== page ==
EURO 2020: WHAT WENT WRONG FOR ENGLAND IN THE FINAL AGAINST ITALY?

It was coming home for a while, but it did not at the end. It took a diversion to Rome at the end of a penalty shootout. Such was the final between and that it finished 1-1 after extra-time after which the Azzurri prevailed 3-2 on penalties and lifted their second European Championship, the first since 1968.

 

 

Many things went right, and many things went wrong for both sides, but it would not matter to the Italians anymore as they celebrate their triumph after what has been an extraordinary campaign under the management of Roberto Mancini.

However, it will matter to the English players and more so for the manager of the Three Lions, , who has seen a repeat of the 1996 Euros, where he himself missed the decisive penalty that knocked England out in the semi-finals.

 

england-southgateEngland manager, Gareth Southgate, dejected after recieving the silver medal at . (Image Courtesy: BBC / Website)

 

We, at FootTheBall, assess what went wrong for England in the Final of Euro 2020, that cost the nation their first major trophy in 55 years.

 

TACTICS WORKED OUT BY THE AZZURRI

Englandโ€™s tactical flexibility was a boon to them throughout the tournament and many a time Gareth Southgate used it to his advantage and had gotten results out of it.

It looked like the same paid off when the manager decided to revert back to a 3-4-3 set-up, as seen against Germany in the Round of 16, with Kieran Trippier coming in for Bukayo Saka in the starting line-up. With the wing-backs much higher up the pitch, England were able to stretch their opposition to the absolute limit and had a wall in front of their three centre-backs to cut off any potential Italian attacks.

 

 

It appeared to be a masterstroke when both the wing-backs, Trippier and Luke Shaw combined to score the opening goal in the second minute of the game, as Trippier put a delicious ball in from the right, with Shaw finishing off with precision.

But as the game went on, the Italians seized control in the middle of the park, which eventually made the England defence into a back five, and turning them into, essentially, a low-block which invited pressure from all around the field.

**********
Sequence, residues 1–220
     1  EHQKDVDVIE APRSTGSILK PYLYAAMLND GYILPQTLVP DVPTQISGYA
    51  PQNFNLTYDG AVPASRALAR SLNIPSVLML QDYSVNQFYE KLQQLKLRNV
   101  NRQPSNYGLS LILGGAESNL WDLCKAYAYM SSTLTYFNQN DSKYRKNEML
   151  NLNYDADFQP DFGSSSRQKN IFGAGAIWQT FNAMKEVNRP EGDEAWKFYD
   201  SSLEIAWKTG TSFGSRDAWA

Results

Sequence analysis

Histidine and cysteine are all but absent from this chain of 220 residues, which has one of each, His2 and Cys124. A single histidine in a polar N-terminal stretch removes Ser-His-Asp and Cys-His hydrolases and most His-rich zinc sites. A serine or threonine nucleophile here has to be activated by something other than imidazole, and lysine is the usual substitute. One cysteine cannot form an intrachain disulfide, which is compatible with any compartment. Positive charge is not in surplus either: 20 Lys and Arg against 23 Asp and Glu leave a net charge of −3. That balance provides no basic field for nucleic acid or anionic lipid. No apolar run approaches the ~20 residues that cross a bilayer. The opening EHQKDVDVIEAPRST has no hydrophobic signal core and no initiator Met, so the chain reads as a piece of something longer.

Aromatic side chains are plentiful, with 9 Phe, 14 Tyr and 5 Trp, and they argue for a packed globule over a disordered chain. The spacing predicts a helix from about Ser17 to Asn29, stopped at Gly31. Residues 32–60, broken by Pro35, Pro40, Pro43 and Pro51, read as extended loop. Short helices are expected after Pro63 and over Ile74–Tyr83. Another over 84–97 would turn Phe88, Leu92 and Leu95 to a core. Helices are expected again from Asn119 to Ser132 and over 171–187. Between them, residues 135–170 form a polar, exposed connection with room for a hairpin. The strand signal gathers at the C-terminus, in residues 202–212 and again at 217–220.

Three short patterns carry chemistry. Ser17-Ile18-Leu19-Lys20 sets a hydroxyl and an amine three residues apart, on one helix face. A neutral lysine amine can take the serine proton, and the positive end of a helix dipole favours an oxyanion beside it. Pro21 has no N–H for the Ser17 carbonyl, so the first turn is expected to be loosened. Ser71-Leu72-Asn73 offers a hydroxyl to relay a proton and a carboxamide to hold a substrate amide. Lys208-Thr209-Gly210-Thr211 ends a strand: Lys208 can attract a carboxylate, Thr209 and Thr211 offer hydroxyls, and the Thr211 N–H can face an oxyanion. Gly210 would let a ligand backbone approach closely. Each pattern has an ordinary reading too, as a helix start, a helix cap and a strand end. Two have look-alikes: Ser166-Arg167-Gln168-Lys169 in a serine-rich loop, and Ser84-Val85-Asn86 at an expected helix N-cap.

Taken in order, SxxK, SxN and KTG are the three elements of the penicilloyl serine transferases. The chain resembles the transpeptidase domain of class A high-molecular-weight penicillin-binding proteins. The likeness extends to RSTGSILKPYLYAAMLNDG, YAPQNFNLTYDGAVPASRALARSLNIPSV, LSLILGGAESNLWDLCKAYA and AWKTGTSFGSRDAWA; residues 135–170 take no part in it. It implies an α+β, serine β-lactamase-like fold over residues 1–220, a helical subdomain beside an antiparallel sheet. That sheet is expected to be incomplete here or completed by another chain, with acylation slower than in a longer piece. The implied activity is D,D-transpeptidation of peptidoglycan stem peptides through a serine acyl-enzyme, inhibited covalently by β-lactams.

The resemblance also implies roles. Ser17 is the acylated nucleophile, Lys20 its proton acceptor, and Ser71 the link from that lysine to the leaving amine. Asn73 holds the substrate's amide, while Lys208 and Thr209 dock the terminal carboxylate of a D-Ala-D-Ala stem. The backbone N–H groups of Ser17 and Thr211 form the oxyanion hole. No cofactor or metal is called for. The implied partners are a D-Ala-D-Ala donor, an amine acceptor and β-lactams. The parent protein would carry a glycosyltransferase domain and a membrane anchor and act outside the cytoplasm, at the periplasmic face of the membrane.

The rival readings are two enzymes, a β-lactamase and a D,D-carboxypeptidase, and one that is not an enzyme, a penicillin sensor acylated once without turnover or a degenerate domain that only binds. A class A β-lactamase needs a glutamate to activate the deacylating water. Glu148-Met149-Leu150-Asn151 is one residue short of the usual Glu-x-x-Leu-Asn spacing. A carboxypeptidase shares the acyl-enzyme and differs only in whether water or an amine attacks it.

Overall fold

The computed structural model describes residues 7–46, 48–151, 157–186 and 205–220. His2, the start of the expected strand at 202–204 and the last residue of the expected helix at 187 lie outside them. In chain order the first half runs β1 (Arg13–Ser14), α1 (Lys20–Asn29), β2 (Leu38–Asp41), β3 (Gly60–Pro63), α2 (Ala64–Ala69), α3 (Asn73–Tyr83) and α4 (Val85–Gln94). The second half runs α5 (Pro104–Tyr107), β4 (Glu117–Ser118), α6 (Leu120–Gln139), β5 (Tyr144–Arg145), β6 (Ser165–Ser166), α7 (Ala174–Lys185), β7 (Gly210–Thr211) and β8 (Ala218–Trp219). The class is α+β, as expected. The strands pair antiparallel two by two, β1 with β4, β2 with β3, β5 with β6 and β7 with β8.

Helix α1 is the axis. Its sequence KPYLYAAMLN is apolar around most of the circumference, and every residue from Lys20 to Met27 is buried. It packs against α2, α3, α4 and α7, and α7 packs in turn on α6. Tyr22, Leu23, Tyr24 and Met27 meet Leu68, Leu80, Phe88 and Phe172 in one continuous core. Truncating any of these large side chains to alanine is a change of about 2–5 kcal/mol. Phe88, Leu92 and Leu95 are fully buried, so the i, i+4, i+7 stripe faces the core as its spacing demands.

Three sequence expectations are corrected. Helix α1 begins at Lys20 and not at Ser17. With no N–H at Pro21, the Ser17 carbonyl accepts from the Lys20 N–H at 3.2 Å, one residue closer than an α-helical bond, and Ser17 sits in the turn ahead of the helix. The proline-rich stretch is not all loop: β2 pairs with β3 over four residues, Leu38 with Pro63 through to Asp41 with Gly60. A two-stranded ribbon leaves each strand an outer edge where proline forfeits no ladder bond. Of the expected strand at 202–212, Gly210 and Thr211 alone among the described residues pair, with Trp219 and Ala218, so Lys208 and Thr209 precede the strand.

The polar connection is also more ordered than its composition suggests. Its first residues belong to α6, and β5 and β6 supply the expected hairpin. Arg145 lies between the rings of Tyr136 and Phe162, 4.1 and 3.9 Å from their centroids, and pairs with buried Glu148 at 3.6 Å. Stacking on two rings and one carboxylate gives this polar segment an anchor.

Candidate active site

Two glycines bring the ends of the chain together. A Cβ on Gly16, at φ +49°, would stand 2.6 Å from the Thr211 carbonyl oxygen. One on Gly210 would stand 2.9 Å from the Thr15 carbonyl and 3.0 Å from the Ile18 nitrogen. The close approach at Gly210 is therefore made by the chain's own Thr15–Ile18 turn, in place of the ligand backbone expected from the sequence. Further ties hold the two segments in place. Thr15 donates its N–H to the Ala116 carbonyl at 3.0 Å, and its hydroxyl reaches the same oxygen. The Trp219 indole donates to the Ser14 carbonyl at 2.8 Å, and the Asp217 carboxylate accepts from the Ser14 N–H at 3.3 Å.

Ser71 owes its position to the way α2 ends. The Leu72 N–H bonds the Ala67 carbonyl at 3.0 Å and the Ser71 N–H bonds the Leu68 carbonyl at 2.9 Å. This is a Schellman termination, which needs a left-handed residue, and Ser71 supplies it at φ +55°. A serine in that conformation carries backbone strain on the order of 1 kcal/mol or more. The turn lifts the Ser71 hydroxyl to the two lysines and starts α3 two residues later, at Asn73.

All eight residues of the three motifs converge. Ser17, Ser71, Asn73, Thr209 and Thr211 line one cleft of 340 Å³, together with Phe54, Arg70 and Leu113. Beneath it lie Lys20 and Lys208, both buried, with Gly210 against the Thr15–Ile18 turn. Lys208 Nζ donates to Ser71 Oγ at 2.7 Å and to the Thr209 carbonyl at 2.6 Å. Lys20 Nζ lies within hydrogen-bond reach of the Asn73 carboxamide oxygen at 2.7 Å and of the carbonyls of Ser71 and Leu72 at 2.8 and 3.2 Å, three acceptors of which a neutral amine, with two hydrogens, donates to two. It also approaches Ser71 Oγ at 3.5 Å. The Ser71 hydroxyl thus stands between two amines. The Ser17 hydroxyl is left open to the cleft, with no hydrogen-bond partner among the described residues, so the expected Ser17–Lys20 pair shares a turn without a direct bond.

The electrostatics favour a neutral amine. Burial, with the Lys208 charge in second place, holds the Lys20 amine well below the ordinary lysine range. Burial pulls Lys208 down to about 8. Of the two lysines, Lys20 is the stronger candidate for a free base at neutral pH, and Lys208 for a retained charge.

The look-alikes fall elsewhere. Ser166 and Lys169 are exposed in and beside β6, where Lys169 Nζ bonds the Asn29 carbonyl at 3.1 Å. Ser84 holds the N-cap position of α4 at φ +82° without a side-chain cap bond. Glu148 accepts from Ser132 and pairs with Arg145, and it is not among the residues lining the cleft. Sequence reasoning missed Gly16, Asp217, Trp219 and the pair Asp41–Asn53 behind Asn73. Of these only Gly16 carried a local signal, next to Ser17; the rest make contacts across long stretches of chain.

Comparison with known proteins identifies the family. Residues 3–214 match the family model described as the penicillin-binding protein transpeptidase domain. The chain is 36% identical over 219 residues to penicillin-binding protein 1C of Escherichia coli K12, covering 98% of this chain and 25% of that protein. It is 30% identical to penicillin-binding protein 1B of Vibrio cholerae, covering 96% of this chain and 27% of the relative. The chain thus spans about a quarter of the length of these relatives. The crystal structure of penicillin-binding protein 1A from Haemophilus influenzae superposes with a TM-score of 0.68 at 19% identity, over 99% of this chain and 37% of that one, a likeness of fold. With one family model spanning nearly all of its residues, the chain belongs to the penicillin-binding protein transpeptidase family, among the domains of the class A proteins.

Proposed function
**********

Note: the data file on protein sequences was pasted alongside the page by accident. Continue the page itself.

england-sakaBukayo Saka’s substitution was a positive one but it was relatively too late in the game. (Image Courtesy: England / Twitter)

Southgate tried to mitigate the problem by sending on Saka and shifting into a 4-3-3, and while did venture forward, it was perhaps too late. England were the better side for the first 30 minutes, but not after that.

 

SUBSTITUTE CALLS FROM SOUTHGATE

Although many of the calls from Southgate in this tournament have been late and have seen criticism from various spaces, none would have been equal to what was done on Sunday at Wembley.

His first substitution somewhat paid off as Saka came on in the 71st minute and immediately, England were able to counter the Italian midfield that controlled the game for so long. And he then brought on Jordan Henderson for Declan Rice, who was performing very well until then.

 

 

But his substitutions of Marcus Rashford and Jadon Sancho in the 119th minute just for them to take penalties backfired heavily, as both of them, who had not had a single kick of the ball in two games, were thrust onto the field in a high-pressure situation, and eventually, both of them missed along with Saka, giving the Italians the championship.

 

THE ENIGMA OF HARRY KANE

It was thought that England captain Harry Kane had turned the wheel and started embarking on a goalscoring run after a dreadful group stage at Euro 2020, but it wasn’t to be as the striker was not able to attempt a single shot or create a chance for his teammates for only the second time in his 61 appearances for the Three Lions.

 

 

While credit has to be given to Giorgio Chiellini and Leonardo Bonucci for making sure that the Tottenham star was not able to impact the game, questions will be asked regarding the chance creation from the England midfield and also Harry Kane, who is regarded as one of the complete strikers in the world, but was not able to give his side his entire repertoire.

 

england-kaneKane, with his runners-up medal at Euro 2020. (Image Courtesy: BBC / Website)

Kane dropping deep to link up the play is a part of the England system of play. And if that system was built to exploit the weaknesses of Italy, it only worked in the first two minutes. For the rest of the 118 minutes and the additional injury time, it was just a train and Kane was a passenger in it.

All these factors combined to put England in a hole, partly dug by themselves, and partly by Italy. It was a hole they couldn’t come out of and ultimately, the trophy wasn’t to “Come home”.

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